Paul Morgan is among a transient group of professionals in the NT who do not put down roots in Darwin. (Supplied)
In February, lawyer Paul Morgan relocated back to Melbourne after four years living and working in Darwin.
“I see Darwin as a place that I’ll keep coming back to, but right now in my life I feel like I need a fix of another city,” he said.
“It always felt a little bit to me like an expat posting where you’re kind of enjoying this incredible place with new friendships, but it did feel like I was away from home.”
Having worked for Aboriginal legal aid, Mr Morgan said the interesting work in the NT was what kept him here much longer than he anticipated.
He explained that among his friends and family in Victoria, living in Darwin was “definitely seen as very unusual”.
“Because people don’t understand what Darwin has to offer, people kind of wonder why I went up there, and it’s only when I explain that it’s got this great lifestyle, social life, and all these natural attractions right there that people understand,” he said.
“The elephant in the room for everyone living in Darwin is there’s this huge marginalised population and social inequality right around you as you live quite a nice life. And that’s quite confronting.”
Devon and Pierre Esterhuyse have just moved to Darwin from South Africa for lifestyle and safety reasons. (Supplied)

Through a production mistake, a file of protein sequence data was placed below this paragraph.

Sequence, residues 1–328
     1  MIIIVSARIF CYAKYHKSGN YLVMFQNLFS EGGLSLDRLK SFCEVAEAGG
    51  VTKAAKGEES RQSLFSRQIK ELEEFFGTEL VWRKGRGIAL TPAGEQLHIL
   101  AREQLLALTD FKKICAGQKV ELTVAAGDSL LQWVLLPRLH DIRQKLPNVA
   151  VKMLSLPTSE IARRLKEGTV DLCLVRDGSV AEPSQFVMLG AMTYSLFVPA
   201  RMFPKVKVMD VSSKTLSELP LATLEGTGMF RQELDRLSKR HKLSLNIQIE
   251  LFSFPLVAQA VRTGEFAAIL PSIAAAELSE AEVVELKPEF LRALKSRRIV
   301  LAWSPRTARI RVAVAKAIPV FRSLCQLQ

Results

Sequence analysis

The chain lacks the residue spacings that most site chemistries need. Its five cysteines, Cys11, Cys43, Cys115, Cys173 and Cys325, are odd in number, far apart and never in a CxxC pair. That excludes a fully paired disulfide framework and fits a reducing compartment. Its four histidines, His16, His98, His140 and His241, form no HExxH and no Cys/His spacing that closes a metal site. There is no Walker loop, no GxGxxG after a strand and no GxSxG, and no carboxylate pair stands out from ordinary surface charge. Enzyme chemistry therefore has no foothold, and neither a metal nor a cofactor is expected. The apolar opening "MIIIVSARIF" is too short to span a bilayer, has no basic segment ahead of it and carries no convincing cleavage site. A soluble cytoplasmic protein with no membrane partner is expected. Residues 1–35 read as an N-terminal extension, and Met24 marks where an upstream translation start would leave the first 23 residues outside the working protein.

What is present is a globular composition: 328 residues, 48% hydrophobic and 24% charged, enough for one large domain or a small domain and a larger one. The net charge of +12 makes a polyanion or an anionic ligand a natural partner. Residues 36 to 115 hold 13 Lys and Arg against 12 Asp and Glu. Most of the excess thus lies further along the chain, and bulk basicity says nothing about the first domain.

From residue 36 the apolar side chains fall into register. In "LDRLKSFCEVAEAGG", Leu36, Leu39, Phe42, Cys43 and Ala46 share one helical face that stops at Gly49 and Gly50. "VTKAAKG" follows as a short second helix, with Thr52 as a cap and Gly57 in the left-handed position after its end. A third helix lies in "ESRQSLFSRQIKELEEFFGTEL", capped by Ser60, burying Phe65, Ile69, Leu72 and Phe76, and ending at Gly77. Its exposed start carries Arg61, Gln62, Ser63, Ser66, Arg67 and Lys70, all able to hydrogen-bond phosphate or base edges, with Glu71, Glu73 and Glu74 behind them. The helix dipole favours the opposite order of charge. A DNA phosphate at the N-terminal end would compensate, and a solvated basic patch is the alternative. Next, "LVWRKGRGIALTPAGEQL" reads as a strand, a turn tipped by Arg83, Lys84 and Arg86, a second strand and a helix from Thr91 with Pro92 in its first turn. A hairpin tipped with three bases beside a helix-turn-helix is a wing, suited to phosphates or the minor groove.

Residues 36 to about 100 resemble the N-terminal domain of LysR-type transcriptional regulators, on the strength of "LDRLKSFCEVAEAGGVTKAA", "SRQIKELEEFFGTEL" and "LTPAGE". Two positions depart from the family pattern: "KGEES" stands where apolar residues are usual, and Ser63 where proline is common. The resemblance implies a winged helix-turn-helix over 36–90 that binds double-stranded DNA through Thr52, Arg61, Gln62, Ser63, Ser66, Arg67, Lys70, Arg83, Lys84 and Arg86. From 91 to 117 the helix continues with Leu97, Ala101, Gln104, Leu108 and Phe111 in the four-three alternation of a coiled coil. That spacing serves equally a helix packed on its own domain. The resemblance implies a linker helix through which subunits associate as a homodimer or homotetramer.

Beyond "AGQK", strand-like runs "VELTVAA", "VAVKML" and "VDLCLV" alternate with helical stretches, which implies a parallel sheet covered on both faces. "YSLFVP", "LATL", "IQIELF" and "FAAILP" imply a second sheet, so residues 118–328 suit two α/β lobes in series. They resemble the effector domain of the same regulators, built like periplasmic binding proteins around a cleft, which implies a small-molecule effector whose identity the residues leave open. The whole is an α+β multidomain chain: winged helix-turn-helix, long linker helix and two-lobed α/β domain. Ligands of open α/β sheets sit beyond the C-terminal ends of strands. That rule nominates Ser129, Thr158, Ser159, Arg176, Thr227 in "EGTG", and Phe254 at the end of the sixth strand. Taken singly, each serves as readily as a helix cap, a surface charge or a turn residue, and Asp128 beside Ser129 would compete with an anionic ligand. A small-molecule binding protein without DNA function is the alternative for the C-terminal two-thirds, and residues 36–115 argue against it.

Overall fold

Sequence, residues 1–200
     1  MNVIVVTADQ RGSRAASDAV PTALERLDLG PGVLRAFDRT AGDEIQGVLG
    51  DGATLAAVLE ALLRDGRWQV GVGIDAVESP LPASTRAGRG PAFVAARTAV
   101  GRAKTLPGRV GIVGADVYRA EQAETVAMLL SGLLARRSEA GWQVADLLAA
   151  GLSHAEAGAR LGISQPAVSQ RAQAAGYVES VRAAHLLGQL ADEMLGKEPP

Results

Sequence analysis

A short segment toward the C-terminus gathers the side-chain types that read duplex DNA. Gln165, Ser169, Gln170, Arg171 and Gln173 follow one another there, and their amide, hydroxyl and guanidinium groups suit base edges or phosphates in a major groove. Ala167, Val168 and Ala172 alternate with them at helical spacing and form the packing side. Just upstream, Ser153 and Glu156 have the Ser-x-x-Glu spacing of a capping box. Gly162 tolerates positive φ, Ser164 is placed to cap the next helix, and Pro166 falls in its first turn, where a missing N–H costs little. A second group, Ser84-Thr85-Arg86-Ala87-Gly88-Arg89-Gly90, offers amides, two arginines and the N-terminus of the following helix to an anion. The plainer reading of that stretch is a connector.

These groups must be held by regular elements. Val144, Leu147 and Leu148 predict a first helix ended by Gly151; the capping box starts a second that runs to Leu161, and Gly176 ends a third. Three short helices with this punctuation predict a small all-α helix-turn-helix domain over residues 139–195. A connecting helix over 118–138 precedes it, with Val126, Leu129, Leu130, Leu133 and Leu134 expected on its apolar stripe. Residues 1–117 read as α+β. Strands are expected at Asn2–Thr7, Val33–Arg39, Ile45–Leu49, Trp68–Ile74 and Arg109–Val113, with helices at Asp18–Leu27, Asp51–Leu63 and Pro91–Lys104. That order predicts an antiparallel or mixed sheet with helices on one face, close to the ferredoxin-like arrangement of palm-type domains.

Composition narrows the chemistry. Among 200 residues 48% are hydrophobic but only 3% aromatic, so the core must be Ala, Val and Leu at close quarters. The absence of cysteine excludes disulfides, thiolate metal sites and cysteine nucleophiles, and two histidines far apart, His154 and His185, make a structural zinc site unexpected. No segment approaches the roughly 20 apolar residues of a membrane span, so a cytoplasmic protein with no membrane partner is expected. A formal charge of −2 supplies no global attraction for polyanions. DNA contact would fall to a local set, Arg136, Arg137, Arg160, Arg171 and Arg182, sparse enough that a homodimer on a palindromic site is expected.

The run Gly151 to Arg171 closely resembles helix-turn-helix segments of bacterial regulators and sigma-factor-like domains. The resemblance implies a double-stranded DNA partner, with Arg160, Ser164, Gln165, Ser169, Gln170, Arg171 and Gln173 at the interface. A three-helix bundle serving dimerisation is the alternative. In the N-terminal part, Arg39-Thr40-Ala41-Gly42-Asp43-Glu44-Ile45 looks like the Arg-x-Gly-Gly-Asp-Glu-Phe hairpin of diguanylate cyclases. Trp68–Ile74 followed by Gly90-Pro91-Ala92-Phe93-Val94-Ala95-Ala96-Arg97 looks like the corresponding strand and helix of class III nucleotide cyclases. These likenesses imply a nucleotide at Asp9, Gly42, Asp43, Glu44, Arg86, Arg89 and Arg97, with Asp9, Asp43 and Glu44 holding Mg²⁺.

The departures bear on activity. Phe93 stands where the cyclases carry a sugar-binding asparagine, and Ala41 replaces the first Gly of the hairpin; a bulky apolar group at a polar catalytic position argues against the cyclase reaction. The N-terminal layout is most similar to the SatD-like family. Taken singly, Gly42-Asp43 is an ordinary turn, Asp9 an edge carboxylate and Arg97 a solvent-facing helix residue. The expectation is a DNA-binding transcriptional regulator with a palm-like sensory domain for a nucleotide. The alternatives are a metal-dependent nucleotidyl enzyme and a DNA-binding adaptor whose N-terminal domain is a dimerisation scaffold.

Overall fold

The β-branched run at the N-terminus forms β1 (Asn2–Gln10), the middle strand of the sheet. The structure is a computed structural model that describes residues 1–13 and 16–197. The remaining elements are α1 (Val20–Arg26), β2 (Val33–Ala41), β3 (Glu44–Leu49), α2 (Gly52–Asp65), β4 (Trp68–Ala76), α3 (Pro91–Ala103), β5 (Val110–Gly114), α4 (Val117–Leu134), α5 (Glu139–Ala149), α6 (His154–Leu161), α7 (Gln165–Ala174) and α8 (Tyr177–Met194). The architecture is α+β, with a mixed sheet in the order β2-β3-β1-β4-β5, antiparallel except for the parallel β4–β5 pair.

For new arrivals to Darwin, South African Devon Esterhuyse and her family said they felt as though they had arrived in the lucky country.
“My husband and I were in the Territory 10 years ago, it’s actually where we met and fell in love and we always said we’d come back,” Ms Esterhuyse said.
“I just said to him that with the crime rates and everything in South Africa, and having our neighbour murdered at his home in the middle of the afternoon when I was home from work … I don’t feel safe and I don’t want to raise our kids here.”
Taking a punt on Darwin, her husband applied for work at an airline based in the Top End and the family of four made the move.
“Living where we were, we feared for our lives every day, and here you don’t have to be looking over your shoulder worrying that someone’s going to steal your child or hurt them,” she said.